Compared to the other lithium-ion technologies, LFP batteries tend to have a high power rating and a relatively low energy density rating.

Comparing types:




Image courtesy of  SHIFT Clean Energy



Information from SHIFT Clean Energy

What happens to batteries at the end of their use life?

To minimise the use of rare and precious metals, batteries should be optimised to allow for durability and recycling at their end of life.


Zero Emissions Services marine ZESPack is guaranteed to last 10 years. After 10 years, the capacity of the batteries is reduced by about 20%. Use of the ZESPack for another 10 years is possible in numerous other applications. At the end of this lifespan, the materials can be recovered and made suitable for reuse. Due to the long service life of the ZESPack, the system saves far more in emissions than it costs to build the batteries. (From Zero Emissions Services)




Image courtesy of Zero Emissions Services


The SPBES PlanB CellSwapTM is a retrofit process to rebuild the inside of a battery onboard a vessel. The cells in the core of the battery can be replaced when nearing the end of their life. If there is a requirement to service the cell stack, then the battery is removed from the ship and sent to the service depot. Since the cells can be replaced individually, only the cells at the end of their life need replacing instead of the entire battery. Other items, such as electronics and racking, are reused. There is no need for costly refit of existing hardware, only the consumable parts such as the cells are replaced.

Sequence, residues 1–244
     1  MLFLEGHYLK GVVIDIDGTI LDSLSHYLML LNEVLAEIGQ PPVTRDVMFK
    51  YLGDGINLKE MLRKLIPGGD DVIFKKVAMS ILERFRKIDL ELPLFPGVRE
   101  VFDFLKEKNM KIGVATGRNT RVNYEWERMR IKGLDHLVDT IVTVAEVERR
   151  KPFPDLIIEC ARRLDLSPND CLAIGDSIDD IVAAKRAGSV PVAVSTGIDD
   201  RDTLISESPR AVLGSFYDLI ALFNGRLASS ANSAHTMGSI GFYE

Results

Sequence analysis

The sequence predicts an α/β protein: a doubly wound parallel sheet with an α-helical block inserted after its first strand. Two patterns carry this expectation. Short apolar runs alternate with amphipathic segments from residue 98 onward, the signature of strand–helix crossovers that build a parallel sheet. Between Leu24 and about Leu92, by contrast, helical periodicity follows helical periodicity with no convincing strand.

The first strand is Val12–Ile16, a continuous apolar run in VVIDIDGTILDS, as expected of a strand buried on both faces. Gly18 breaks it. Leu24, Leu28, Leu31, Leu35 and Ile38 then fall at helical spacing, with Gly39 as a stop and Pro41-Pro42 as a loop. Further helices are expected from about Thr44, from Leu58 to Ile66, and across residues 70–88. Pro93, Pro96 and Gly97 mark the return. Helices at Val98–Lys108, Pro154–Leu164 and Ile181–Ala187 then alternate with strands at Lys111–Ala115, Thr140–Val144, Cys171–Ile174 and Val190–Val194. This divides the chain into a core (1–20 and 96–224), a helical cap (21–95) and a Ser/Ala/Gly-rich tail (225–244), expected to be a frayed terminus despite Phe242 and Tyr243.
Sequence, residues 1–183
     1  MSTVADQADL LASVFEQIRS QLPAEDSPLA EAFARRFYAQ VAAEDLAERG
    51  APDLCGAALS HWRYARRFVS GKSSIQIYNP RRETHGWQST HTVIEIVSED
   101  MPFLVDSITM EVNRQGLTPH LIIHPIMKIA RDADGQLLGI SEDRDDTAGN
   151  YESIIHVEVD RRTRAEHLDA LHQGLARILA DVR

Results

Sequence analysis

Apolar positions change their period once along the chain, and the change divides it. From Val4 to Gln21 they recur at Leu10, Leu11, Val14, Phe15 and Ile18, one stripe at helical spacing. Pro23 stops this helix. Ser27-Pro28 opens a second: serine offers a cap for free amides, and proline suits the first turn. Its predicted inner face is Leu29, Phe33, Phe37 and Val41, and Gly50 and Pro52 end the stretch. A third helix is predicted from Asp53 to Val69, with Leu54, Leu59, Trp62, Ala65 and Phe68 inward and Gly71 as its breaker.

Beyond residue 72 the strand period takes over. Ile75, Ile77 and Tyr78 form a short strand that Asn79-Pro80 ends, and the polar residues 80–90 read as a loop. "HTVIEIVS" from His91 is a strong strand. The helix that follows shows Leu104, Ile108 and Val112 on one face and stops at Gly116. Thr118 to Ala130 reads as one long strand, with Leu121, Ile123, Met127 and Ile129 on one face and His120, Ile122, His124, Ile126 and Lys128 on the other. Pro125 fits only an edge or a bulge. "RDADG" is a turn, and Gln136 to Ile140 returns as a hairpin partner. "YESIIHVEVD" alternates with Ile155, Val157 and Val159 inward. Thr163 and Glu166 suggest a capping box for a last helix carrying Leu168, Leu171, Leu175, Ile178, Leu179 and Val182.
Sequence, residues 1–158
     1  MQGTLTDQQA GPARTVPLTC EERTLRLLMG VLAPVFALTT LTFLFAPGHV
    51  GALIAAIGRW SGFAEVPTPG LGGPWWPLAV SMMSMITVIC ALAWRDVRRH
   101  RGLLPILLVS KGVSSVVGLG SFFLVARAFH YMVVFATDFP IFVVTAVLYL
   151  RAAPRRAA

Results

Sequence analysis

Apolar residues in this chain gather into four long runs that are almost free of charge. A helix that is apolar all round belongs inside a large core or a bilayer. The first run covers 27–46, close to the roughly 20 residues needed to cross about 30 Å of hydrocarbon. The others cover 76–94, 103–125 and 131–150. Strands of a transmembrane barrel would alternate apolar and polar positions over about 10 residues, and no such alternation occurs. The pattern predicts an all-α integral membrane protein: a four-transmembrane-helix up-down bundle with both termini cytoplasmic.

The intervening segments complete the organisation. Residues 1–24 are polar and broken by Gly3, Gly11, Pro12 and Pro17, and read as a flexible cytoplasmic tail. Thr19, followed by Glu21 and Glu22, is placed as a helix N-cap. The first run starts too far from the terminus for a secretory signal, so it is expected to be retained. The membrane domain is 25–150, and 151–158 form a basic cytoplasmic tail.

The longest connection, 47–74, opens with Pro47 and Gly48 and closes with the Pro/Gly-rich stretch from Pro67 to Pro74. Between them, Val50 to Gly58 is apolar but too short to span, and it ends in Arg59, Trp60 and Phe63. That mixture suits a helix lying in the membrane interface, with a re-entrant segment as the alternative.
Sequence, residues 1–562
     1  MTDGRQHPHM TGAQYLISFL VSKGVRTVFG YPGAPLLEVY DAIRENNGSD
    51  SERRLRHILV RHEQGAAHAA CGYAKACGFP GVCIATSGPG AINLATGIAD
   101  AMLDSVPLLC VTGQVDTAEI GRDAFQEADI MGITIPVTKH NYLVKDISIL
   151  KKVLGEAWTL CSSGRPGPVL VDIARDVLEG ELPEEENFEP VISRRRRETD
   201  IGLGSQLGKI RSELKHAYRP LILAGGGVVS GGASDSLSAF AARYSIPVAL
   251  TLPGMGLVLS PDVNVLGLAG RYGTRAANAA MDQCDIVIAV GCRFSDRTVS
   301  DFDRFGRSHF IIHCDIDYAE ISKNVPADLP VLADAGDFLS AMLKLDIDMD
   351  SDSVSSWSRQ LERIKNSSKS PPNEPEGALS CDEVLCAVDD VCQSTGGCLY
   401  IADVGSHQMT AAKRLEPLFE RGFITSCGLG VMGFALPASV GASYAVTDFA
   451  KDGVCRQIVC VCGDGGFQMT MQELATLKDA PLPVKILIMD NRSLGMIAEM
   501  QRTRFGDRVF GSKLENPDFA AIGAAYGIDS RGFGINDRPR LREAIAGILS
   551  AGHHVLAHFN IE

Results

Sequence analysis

SPBES offers support from commissioning to recycling, consisting of:


  • Options for re-coring or recycling the system, including time and costs
  • System decommissioning and arrangement for delivery of consumables to accredited recycling facilities included in the cost of the LPA
  • A report of proof of recycling provided


– From SHIFT Clean Energy

What standards and certification exist to ensure battery system safety and quality?

Components and systems used in the maritime industry need to meet high requirements for safety and reliability.


For ships, leading IACS Classification Societies have produced certifications, standards and guidelines for operating with fully electric propulsion, hybrid-electric propulsion and Energy Storage Systems (ESS).


Information from SHIFT Clean Energy

What is the lifetime of batteries?

Cell life is affected by:


  • Charge Rate
  • Maximum voltage
  • Temperature


The cycle life is the number of complete charge/discharge cycles that the battery is able to support, and is used to measure battery lifetime.



DoD vs Cycle Life – Image courtesy of Sterling PBES Energy Solutions